The NRL will again rework its interpretation of the shoulder charge to take into account the exonerations of Issac Luke, Jorge Taufua and Aidan Guerra at the judiciary.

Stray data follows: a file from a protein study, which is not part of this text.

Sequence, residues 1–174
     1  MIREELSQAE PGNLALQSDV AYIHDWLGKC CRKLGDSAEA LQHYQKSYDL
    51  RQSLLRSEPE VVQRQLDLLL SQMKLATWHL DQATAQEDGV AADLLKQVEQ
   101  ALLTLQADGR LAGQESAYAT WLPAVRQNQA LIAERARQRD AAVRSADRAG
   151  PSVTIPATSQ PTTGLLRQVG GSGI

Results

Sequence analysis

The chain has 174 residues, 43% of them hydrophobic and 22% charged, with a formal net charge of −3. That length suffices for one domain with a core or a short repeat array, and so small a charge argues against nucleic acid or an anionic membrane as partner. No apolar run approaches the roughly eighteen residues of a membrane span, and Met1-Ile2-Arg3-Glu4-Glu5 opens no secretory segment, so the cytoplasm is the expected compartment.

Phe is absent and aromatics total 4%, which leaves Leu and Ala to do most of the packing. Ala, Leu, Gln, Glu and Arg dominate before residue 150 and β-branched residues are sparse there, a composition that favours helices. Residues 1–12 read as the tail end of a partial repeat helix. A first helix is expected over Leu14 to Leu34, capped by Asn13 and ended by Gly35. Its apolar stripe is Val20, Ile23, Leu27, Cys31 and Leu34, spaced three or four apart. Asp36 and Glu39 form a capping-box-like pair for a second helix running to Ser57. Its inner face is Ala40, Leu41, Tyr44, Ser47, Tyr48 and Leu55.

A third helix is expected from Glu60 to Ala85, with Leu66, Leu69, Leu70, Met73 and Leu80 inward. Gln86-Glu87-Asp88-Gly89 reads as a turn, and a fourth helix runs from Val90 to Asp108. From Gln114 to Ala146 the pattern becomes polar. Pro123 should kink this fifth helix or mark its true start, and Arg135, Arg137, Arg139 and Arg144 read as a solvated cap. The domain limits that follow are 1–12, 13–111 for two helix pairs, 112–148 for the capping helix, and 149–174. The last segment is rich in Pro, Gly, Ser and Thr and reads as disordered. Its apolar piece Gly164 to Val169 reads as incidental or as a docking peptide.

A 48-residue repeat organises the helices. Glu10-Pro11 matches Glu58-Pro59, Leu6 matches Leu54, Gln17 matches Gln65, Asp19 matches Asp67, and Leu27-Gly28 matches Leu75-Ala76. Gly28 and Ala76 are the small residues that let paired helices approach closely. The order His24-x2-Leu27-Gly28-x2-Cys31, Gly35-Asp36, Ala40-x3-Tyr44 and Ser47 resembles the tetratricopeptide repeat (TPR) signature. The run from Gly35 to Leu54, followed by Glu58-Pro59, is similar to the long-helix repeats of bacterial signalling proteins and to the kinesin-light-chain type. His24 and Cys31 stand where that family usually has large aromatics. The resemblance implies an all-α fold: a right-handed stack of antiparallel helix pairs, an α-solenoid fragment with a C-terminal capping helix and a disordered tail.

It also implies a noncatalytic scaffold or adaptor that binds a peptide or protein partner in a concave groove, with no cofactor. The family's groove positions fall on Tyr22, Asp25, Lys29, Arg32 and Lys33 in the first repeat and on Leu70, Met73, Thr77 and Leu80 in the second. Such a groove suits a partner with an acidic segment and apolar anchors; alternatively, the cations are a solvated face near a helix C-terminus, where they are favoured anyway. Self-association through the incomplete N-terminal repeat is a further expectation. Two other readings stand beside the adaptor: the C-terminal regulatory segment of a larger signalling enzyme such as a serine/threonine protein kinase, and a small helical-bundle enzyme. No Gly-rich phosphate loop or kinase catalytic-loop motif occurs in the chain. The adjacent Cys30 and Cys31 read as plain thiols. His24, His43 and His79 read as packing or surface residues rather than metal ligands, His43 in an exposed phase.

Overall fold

Luke, Taufua and Guerra all successfully challenged their grade-one citings at the judiciary on Wednesday night, spreading further confusion about the NRL's tightening shoulder charge laws, brought in two weeks ago. Head of football Todd Greenberg said on Thursday the NRL remained committed to its shoulder charge ban. But the issue would be on the agenda at the end of the month at a meeting of the Competition Committee. Greenberg said the Match Review Committee "will take into consideration the decisions made by the judiciary panel last night in determining future charges". "We will also discuss the shoulder charge issue with the Competition Committee at the end of the month as part of our stakeholder consultation," Greenberg said. "But let me make it clear there will be no changes to the current rules around the shoulder charge. The NRL will continue to take a hard line against illegal shoulder charges to make the game safer. "Naturally, we will take on board the findings of the judiciary but I think everyone agrees that we cannot allow player safety to be put at risk by shoulder charges which go wrong." Guerra said after his hearing, he felt there had been an "over-correction" in the rules. "The fact that I was here was a bit of joke in the first place," he said. "When I got told I was coming, I honestly thought they were joking. The fact that common sense prevailed, I am happy. "They (the NRL) are up against it, but certainly - as seen by the evidence - they have got it wrong this week. "The fact that I was here showed that there is an over-correction in the rules," Guerra told waiting media shortly after his verdict. "The game is doing the right thing by stamping out the shoulder charge and a lot of the players are behind that. But there is too much grey area and we need to get on top of that, so there are not more busy Wednesday nights here."